More than 400 Chinese products will be temporarily exempted from tariffs that President Donald Trump's administration imposed last year.China Economyread more
Apple will get a taste of whether upgraded features on the new iPhone 11 are enough to lure shoppers to retail stores around the world as the new smartphones officially hit...Technologyread more
The complaint made by an unnamed intelligence official about the president centers on Ukraine, the Washington post reported.Politicsread more
As tensions might drag over the next decade, investors have to learn to operate under prolonged uncertainty, said Warburg Pincus' Charles Kaye.World Economyread more
U.S. Vice President Mike Pence on Thursday struck an unyielding tone on America's position in its trade war with China.Delivering Alpharead more
Billionaire investor Howard Marks, the co-chairman of Oaktree Capital, predicts there won't be a recession in the U.S. for another two years.US Economyread more
Network officials also said voters should expect more of a Koch focus on grassroots activism throughout the 2020 election cycle.Politicsread more
One person was killed and five others wounded on Thursday in a shooting on the streets of Washington, D.C., not far from the White House, police said.U.S. Newsread more
Stores are extending hours and cities are spending on light shows as China tries to encourage consumers to spend more money at night.China Economyread more
New research suggests fewer girls pursue careers in STEM — science, technology, engineering and math — because they're better than boys at reading.Closing The Gapread more
Stocks in Asia Pacific edged up on Friday as investors digested a series of developments overnight on the U.S.-China trade front that dampened hopes of a deal being reached...Asia Marketsread more
Speculation is high that the Reserve Bank of Australia (RBA) will be the next central bank to ease monetary policy at its meeting this week following a month of surprise policy changes across the globe.
January saw unexpected loosening measures from a handful of central banks including Denmark, India and Singapore against a backdrop of increasing deflationary pressures as crude oil prices continue their descent.
"Judging by price action in the market, there is a real belief the RBA are going to join New Zealand, Europe, Denmark, Switzerland and Canada in easing policy," said Chris Weston, chief market analyst at IG in a note last week, adding that swaps markets are now pricing a 65 percent chance of a rate cut.
The RBA has held rates at 2.5 percent since August 2013.
The case for a cut
Many analysts expect the RBA to announce a 25 basis-point interest rate cut at Tuesday's policy meeting to tackle 6 percent unemployment and sliding iron ore prices, one of the country's biggest exports.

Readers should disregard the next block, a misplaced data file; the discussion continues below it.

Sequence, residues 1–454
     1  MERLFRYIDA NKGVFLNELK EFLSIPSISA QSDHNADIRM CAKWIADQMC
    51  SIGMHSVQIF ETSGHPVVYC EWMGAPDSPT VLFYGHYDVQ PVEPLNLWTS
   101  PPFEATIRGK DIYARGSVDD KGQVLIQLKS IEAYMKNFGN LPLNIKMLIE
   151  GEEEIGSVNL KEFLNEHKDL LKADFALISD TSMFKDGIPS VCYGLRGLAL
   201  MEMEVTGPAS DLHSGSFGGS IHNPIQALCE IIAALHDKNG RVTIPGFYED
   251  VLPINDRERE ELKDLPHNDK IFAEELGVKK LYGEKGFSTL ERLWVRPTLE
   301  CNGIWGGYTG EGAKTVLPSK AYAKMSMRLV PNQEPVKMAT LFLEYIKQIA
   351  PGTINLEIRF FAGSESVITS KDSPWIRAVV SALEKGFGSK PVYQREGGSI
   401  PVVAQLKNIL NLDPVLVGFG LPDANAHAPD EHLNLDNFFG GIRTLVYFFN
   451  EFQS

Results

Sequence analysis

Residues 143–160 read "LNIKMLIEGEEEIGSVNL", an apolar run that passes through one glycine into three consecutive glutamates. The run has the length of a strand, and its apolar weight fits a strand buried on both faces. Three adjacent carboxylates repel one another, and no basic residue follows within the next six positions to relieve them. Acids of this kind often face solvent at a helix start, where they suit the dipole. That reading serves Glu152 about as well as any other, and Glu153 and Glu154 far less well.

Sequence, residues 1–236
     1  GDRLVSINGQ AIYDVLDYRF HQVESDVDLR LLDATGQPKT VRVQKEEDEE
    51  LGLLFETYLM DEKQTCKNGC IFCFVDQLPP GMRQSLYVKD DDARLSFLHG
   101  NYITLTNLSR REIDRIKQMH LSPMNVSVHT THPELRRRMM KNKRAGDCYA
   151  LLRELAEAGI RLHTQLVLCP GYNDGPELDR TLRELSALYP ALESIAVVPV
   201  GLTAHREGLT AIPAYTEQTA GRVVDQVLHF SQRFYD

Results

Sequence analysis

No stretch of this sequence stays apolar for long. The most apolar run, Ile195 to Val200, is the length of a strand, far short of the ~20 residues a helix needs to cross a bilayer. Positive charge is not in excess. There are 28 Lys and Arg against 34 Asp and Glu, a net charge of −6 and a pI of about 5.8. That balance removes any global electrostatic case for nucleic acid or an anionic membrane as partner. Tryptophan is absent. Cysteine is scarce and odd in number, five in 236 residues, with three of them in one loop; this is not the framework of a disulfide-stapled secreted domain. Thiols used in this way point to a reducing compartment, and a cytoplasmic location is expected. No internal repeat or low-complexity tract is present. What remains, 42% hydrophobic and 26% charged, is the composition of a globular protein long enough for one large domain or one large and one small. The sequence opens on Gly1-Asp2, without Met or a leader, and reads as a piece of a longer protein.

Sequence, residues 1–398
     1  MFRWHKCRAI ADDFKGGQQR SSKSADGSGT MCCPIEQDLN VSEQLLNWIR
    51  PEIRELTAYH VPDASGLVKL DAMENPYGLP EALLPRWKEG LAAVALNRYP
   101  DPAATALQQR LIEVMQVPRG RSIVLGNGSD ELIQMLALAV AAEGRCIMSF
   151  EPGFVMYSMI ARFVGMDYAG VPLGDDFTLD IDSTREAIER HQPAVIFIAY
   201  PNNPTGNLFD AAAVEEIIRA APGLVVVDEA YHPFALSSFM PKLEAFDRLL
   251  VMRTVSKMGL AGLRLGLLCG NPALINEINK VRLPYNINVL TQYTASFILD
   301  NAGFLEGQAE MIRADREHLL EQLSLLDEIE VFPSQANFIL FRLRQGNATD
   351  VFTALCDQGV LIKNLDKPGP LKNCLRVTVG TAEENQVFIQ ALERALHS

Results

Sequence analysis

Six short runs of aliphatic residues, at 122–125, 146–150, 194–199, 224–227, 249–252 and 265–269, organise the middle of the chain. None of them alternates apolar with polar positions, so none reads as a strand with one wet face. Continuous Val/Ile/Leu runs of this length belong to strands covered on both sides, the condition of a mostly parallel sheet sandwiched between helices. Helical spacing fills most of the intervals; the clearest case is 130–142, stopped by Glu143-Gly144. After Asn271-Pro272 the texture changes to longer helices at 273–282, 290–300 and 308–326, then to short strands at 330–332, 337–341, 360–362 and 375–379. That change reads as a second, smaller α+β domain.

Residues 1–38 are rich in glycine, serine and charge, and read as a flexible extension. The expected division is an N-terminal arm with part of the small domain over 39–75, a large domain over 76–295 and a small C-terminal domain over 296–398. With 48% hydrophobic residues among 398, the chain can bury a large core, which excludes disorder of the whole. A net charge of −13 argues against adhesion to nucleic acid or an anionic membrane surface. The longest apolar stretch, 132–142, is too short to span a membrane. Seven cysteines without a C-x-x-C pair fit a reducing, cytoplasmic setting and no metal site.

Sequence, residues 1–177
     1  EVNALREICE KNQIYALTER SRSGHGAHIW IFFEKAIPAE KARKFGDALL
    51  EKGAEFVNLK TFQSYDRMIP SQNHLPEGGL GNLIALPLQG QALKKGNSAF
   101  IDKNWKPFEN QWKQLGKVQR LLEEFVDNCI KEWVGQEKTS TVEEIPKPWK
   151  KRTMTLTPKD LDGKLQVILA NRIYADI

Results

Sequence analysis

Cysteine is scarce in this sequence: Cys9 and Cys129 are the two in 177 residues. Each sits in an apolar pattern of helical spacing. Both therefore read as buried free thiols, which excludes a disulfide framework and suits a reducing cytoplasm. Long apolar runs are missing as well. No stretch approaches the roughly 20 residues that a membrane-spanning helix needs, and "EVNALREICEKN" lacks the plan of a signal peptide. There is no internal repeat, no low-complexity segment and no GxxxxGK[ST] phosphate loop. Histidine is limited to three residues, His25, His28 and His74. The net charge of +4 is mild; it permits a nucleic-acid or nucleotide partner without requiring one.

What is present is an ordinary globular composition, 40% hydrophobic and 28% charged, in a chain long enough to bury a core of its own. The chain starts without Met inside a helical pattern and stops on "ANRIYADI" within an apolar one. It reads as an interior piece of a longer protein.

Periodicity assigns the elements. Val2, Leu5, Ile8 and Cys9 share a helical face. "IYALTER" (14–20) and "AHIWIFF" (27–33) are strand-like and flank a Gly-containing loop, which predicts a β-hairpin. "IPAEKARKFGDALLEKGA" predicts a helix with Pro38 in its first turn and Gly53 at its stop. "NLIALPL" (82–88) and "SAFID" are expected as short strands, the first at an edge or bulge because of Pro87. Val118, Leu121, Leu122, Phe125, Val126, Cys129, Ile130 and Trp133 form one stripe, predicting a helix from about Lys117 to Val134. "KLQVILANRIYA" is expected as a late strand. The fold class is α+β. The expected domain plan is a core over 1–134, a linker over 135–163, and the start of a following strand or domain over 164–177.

Comments by Australian journalist Terry McCrann last week that a rate cut is "almost certain" heightened expectations, sending the Australian dollar to fresh five-and-a-half year lows at 77.22 U.S. cents on Friday. McCrann, a long-time RBA watcher, reasoned that the RBA will forecast inflation to be lower than the mid-point of its 2-3 percent target range, opening the way for further easing.
Data last week showed annual inflation at 1.7 percent for the last three months of 2014, the lowest level in over two years.
"While that's not low enough to provide a smoking gun to justify a rate cut, it's benign enough to provide plenty of scope for the RBA to cut in order to provide a boost to the economy," said Shane Oliver, head of investment strategy and chief economist at AMP Capital in a note.
Weakening the Australian dollar could be the primary motivation for a rate cut, Oliver added. Governor Glen Stevens stated in December that a level of 75 U.S. cents would be fair value and the currency certainly seems to be headed down that path after depreciating 4 percent in January. If the RBA wants to see a continued broad based decline in the currency's value, it will have to join the easing party, Oliver said.
However, some experts warn that a rate cut may only arrive in March.
"There is every chance we will see rates unchanged, but the RBA changing the last paragraph in their statement, removing the key phrase 'on present indications, the most prudent course is likely to be a period of stability in interest rates' to something more dovish like there is some scope to ease," Chris Weston at IG explained. He expects this shift in language will reflect a clear signal for a rate cut next month.
Not so fast! Watch housing
HSBC is one of the few major banks calling for no change on Tuesday, arguing that the RBA remains too concerned with the housing market.
"In deciding whether to cut further, the RBA also needs to weigh the benefits of lower rates against the potential costs of over-inflating the housing market. We think this trade-off will see the RBA sit still with its 2.5 percent cash rate, rather than cut, but it is close," said economist Paul Bloxham in a report.
He believes the RBA's record-low rates are already working to boost economic activity, pointing to an 8 percent increases in housing prices during December.
"A key challenge for the RBA is that house price growth has been outpacing household income growth for some time…interest rate cuts could risk pushing housing price growth even faster and driving a housing bubble."